To make the hierarchy even more clear, the opening episode gives a lot of face time to my-dad’s-the-owner Board member Josh Kroenke. Kroenke shows his unwavering support for Arteta, which connotes to everyone that the manager’s job is safe until his contract runs out in 2023. Actually, in episode 8, Arteta’s contract is extended to 2024-2025. Kroenke reappears in a tiny snippet at the end, ostensibly to bless the Season of Progress.

The second problem with the series is the lack of establishing familiarity with the players or staff. After meeting goalkeeper Aaron Ramsdale’s family in the first episode, there is little further coverage of the GK. While the series starts off by covering Bukayo Saka, who was subjected to horrendous racial abuse after the 2022 Euros, the coverage tapers off quickly. We spend the rest of the series watching Saka eat lunch and Ramsdale throw water bottles when frustrated. There are lots of massages.

By episodes 7 and 8, there are a few minutes with some of the benchwarmers who are finally getting their chances to play, after injuries to key starters and Auba’s departure. We get to know a little about Nketiah, Mo Elneny, and Rob Holding, all players who will probably take on starting roles in 2022-2023 (at least they are still on the roster as of this review).

Without those few player interviews, there is no back story, no character arc, and really nothing to emotionally bind the casual viewer to this club, its players, or this series. You might as well watch a game highlight reel. That would be better than repeatedly watching Lacazette arrive at practice in his red Ferrari, or wondering when Arteta last shaved.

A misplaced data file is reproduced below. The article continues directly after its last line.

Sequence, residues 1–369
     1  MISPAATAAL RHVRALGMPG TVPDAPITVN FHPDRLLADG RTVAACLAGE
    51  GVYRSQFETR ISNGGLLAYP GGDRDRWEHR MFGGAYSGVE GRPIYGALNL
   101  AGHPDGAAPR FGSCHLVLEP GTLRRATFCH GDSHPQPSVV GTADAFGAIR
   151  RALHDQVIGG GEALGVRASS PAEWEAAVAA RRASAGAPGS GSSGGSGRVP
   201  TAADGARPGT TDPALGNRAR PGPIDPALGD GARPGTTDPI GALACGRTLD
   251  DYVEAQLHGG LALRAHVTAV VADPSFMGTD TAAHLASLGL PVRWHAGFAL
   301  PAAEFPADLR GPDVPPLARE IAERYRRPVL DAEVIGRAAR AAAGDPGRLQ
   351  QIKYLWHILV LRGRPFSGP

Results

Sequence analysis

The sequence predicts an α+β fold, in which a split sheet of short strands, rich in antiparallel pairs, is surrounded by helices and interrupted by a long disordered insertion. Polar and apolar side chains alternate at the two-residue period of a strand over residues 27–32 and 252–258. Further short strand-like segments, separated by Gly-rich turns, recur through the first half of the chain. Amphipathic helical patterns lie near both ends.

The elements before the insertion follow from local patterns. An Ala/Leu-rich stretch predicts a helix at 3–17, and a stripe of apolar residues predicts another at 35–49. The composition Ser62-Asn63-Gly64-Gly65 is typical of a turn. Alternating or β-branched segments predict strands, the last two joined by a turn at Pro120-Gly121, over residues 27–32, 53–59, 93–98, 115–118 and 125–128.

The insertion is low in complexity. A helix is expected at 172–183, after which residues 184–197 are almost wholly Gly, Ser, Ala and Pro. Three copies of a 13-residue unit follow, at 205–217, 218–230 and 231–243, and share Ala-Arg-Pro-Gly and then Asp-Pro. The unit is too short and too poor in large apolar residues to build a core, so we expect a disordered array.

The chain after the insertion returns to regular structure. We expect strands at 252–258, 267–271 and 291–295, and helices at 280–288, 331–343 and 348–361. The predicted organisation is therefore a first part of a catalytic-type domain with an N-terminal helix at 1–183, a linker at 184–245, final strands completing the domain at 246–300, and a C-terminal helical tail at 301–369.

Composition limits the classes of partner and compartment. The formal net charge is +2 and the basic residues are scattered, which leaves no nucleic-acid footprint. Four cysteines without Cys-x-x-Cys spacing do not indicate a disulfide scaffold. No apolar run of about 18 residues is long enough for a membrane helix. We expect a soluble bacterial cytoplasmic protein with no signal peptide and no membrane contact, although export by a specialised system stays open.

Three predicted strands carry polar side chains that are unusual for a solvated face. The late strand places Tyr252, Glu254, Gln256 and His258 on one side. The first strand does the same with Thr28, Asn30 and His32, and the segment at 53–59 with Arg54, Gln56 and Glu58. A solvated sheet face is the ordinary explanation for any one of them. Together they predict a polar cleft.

The third problem with the series is that there is very little football footage. You will see almost nothing of practices, and game highlights are miniscule. Because the match footage is so brief in the first 6 episodes, it is difficult to feel the game atmosphere that returned to the stadiums after the pandemic. The last 2 episodes show more stadium scenes and on-the-street fan interviews to convey fan excitement, probably to encourage people to come to games. But the snippets are so brief, I did not find them engaging. Unlike the typical football film, there is little to empathize with.

In Conclusion

Amazon’s All or Nothing: Arsenal series is a Prime example of the broad disappointment that soccer movies and football films have become. In a typical World Cup year, soccer movies spring forth in multitudes. But for WC 2022, we instead are being inundated with infomercial series after series. Designed for bingeing, you pretty much want to up chuck the bloated content. In waste management terms, a great deal of detritus has floated to the top of all the streams.

It’s interesting that 72 Films barely mentions this passionless production on its website, which makes me think this sorry series was really led by Amazon Studios. This is the first team series I’ve watched where I truly felt I wasted my time. After all, what can you say about a team that comes in 5th? What can you say about a manager whose need to have a young team may be driven by his need to command respect from players that he can more easily control?

You know what soccer movies really need? Nicolas Cage playing Mikel Arteta in a new version of Arsenal. If you’ve seen The Unbearable Weight of Massive Talent, Cage’s alter-ego Nicky would be perfect for playing Arteta.

5 Soccer Movie Mom Rating = 5